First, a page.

> that changes is the number of votes cast. And when a new legislator
> gains floor rights, the proxy of that legislator remains active until
> the legislator takes his or her seat -- and even beyond then, because
> I assume that legislators, even though having floor rights, may still
> vote by proxy. So the implementation of actual floor rights may under
> some circumstances be delayed a time. All this would be a matter of
> assembly rules, and if direct voting is maintained by electors, the
> electors can control those rules, effectively excluding some of
> themselves in the name of legislative efficiency, but never thereby
> losing voting power.
> The largest step here is Asset Voting.
> Oddly enough, when I first heard of Single Transferable Vote, and it
> was before I knew of Smith's Asset Voting, I thought that this was
> what it meant: that the candidates receiving votes could transfer
> them.... It must not be such a terribly strange idea.....
> The problem, of course, with STV and similar schemes is that it is
> not flexible, it rigidly determines outcomes at the time of the
> election can has no power to adjust to ongoing circumstances. STV for
> a large-district many-winner legislature could produce similar
> initial composition of the legislature, though Asset has the
> potential of making expensive campaigning a fish bicycle; with Asset
> no votes are wasted, even those cast for someone who gets very few.
> (None at all would be the result if not for security concerns; if I
> want to coerce your vote, I could require you to vote for yourself.
> And then, from that point on, I know exactly how you vote.... And I
> know if you did not vote for yourself as well....)
> (Of course, some votes could be wasted: a holder of votes could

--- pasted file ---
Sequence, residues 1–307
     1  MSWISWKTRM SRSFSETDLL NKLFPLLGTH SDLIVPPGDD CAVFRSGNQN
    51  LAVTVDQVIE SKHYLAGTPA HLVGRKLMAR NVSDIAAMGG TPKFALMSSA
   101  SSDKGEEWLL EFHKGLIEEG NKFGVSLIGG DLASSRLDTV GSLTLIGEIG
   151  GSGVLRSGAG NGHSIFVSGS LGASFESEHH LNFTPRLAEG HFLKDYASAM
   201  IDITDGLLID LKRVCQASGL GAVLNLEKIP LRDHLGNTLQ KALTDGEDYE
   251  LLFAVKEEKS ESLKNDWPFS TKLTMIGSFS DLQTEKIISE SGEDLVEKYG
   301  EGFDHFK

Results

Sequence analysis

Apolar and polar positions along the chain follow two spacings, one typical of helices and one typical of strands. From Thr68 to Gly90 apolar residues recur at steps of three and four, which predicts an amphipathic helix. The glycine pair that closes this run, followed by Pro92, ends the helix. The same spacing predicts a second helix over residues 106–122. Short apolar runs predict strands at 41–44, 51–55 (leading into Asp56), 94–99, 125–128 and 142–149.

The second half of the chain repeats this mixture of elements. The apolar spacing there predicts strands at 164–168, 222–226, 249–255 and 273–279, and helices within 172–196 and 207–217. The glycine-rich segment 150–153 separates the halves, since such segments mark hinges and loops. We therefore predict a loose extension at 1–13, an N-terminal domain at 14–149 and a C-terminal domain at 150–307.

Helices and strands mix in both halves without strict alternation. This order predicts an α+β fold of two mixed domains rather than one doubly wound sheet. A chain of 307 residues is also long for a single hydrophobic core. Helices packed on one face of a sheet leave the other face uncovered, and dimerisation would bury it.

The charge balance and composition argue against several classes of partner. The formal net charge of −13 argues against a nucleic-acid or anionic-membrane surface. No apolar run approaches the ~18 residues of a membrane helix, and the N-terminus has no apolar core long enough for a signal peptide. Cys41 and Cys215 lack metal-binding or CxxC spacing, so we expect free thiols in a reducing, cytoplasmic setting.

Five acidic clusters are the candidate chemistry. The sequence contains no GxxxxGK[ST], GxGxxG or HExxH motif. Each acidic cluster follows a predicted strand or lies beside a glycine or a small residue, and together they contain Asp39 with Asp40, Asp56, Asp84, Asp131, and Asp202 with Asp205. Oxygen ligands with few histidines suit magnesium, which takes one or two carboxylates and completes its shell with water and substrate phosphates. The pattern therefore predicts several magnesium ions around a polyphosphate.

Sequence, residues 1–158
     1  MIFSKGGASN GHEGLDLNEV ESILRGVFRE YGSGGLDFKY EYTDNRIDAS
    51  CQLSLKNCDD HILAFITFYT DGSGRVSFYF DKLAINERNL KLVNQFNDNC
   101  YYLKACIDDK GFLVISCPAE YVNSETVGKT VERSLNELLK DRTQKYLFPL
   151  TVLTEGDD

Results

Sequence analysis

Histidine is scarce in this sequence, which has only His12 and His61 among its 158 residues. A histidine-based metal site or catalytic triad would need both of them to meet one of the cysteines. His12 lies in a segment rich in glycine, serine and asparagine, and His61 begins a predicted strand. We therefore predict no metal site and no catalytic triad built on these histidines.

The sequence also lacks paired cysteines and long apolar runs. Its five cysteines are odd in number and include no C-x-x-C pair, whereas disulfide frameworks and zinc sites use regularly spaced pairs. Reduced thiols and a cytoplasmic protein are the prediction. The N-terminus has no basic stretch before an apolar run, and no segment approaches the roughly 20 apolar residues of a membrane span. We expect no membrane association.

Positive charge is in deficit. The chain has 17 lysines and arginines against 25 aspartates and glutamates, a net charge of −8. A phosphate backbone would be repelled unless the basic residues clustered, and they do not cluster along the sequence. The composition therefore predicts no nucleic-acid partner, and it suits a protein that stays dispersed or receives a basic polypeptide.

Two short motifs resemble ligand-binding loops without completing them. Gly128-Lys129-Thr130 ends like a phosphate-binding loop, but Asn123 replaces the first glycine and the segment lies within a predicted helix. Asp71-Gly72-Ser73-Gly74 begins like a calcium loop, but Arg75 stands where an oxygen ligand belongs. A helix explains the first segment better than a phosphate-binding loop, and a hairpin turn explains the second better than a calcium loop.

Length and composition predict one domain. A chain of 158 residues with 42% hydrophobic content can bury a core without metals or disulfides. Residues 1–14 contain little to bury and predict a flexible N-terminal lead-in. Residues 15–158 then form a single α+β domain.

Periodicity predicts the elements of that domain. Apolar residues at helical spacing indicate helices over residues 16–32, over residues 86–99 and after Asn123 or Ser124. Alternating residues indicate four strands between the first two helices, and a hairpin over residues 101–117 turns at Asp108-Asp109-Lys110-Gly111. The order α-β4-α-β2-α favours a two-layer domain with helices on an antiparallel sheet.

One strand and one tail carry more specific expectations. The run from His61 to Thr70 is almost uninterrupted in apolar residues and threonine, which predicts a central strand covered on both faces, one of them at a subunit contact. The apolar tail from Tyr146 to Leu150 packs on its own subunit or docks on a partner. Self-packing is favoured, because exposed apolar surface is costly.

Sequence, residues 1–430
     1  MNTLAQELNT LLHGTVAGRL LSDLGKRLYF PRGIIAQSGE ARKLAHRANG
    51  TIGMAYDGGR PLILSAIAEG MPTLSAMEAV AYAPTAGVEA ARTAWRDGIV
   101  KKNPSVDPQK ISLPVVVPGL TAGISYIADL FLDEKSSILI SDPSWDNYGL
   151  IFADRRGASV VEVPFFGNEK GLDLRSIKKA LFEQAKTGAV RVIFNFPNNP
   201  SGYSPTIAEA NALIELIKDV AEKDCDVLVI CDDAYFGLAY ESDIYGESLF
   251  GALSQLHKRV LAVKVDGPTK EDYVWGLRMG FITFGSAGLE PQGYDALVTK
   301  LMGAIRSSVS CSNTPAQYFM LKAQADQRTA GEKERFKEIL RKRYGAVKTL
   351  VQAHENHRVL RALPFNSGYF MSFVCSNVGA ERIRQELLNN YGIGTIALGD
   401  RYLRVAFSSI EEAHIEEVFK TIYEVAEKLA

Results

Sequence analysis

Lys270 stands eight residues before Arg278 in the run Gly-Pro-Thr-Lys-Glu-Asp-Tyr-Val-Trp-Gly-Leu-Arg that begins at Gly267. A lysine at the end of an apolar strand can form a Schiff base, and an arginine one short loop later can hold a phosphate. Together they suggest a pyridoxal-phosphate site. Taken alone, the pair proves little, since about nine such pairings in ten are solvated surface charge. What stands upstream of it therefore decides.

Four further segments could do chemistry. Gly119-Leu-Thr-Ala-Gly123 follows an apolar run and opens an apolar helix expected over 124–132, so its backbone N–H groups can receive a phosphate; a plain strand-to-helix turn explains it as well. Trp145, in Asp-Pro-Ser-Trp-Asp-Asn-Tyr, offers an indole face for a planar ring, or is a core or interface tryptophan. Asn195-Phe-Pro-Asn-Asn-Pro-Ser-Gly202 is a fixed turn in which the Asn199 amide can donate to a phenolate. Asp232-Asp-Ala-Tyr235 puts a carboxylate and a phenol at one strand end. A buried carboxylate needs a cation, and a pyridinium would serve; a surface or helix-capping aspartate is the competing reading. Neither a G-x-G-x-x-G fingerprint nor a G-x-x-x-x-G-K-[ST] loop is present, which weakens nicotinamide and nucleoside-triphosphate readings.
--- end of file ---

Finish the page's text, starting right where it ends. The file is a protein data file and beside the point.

> refuse to use them to create winners; but if direct voting is
> allowed, even then there is little harm, since the voting power remains.)
> Proposals for direct democracy are typically rejected, even by
> progressives, because of the problem of scale. But the problem of
> scale is a problem of deliberation, not of voting power. This may be
> one of the most important realizations to come out of these
> discussions. There is a solution to the problem of scale in
> democracy. Delegable Proxy. With appropriate assembly rules, it
> creates a deliberative body of manageable size, while leaving the
> voting power in the hands of the public, but, normally, exercised
> through proxies who can become informed regarding the business of the
> assembly. The everyday citizen is not required to follow all this,
> except to the extent that he or she is specifically interested; the
> important choice that citizens may make is: whom do you trust?
> All forms of representative democracy involve such a delegation of
> trust. What is new is the idea of using this to elect
> representatives, rather than only for deliberation in a representative body.
davek at clarityconnect.com people.clarityconnect.com/webpages3/davek
Dave Ketchum 108 Halstead Ave, Owego, NY 13827-1708 607-687-5026
Do to no one what you would not want done to you.
If you want peace, work for justice.